134 ; value of Puritan literature, sary, 723 ; different degrees fitted
135; dedication to Fairfax, 137; to different nations, 725 ; cause of
formation of the Puritan army, the conflict of the two elements,
139; progress of the war, 141; 727; abuses of the spiritual ele-
reflections on the battle of Nase- ment, 729; fanaticism, 730; mis-
by, 143; seige of Leicester, 144 ; guided philanthropy, 731; effects
Storming of Bridgewater, 145; of formalism, 733; substitutes man

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on, 792.

for God, 735; creates unfounded

S.
distinctions, 737; superstitious Sanskrit Language, essay on, trans-
adherence to rites, 739 ; formal- ! lated by W. D. Whitney, from
ism needs the temporal power, von Bohlen, 471 ; meaning of
741; opposed to true progress,

the word Sanskrit, composite, 471;
743 ; element of infidelity, 745; value, 472; alphabet, 473; con-
conclusion, 746.

sonants, 475; roots, 476 ; signifi-
Resurrection of the dead, commen- cation of the roots, 477; verbal

tary on by De Wette, translated, stems, 478 ; nasal stems, 479 ;
26 ; occasion on which Paul treat- conjugations, 480; tenses, 481;
ed of it, 26; importance of it, 27; composition, 482; general char-
the resurrection of Christ at the acter, 483 ; lexicography, 485.
foundation of it, 27; proofs Schaff Prof. Philip, Introduction to
of Christ's resurrection, 29; ap-

Church History, 409.
pearance of Christ to Paul, 30; Shipwreck of St. Paul, Smith's work
inferences that would follow if
Christ be not risen, 31 ; Christ, Scholar, the spirit of a, by Prof.
as contrast to Adam, is the author Brown, 114; he must cherish a
of the resurrection, 33; end of meditative spirit, 115; must have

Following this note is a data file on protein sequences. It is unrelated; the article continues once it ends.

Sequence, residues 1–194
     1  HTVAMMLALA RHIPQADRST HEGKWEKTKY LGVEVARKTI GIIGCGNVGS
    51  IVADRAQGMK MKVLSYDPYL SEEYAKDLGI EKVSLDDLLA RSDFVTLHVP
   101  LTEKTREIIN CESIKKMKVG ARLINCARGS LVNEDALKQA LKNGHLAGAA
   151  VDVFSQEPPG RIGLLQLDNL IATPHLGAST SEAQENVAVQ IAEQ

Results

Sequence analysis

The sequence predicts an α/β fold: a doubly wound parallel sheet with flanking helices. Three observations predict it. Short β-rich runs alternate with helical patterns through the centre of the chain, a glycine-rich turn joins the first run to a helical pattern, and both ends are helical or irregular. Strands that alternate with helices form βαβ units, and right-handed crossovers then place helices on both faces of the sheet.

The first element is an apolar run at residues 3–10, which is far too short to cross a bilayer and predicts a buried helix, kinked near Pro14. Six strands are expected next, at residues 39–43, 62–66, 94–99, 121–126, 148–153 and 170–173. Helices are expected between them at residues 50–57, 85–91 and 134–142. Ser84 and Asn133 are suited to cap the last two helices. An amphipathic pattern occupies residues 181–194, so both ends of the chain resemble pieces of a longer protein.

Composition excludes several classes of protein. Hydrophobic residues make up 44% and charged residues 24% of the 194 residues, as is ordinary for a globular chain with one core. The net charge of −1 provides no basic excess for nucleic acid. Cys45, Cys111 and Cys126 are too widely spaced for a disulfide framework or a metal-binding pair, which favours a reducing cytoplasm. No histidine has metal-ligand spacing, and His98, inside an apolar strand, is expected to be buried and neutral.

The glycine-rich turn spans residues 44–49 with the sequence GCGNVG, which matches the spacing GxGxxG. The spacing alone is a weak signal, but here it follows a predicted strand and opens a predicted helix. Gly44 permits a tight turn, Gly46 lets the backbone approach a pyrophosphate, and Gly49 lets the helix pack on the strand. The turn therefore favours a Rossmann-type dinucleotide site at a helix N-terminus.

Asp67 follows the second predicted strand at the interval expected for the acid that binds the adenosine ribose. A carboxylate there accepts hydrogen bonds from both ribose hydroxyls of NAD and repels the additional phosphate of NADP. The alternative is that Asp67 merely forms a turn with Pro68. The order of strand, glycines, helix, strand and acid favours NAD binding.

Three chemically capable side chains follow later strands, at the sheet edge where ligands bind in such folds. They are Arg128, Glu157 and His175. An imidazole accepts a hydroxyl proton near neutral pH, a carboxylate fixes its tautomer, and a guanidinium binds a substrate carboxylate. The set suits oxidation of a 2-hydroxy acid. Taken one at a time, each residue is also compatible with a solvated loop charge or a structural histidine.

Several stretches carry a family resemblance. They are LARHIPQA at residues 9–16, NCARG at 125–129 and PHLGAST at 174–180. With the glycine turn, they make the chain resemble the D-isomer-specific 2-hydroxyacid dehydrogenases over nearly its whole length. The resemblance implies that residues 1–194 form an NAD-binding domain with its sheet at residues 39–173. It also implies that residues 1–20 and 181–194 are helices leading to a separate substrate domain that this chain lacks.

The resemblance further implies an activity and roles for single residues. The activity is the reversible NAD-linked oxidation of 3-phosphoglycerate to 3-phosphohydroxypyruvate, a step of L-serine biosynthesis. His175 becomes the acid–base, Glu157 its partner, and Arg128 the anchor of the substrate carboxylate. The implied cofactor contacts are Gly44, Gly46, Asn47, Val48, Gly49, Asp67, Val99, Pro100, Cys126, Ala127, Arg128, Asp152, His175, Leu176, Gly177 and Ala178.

the “last things,” 35 ; end of me- independence and self-respect,
diatorial reign, 36 ; death, the 117; wonderful structures of the
last enemy destroyed, 37; argu- dark ages, 119; practical spirit,
ments for the resurrection, 39 ; 121 ; true idea of the practical,
moral warning to those who deny 123; the scholar should be a pa-
the resurrection, 40; manner of triot, 124 ; should possess a reli-
the resurrection, 40 ; analogy in gious spirit, 127; art imbued with
the manifold variety of organic the religious element, 128 ; moral
structures, 41; application to the tone of literature, 129 ; main ele-
doctrine of the resurrection, 42; ments of a scholar's life, 131;
as there are two heads, so there great scholars speak to all times,
are two series in mankind, 43 ;' 133.
destiny of those alive at the sec- Sciences Natural, claims on the
ond coming, 44 ; triumphal song, Christian ministry, 461; spirit of
46 ; Final warning, 47.

scientific investigation, 462; sci-
Rettberg's Church History, 612. entific knowledge is power in the
Richards, J., D. D., articles by, 75, ministry, 463 ; usefulness of na-
442.

tural science to the minister, 465 ;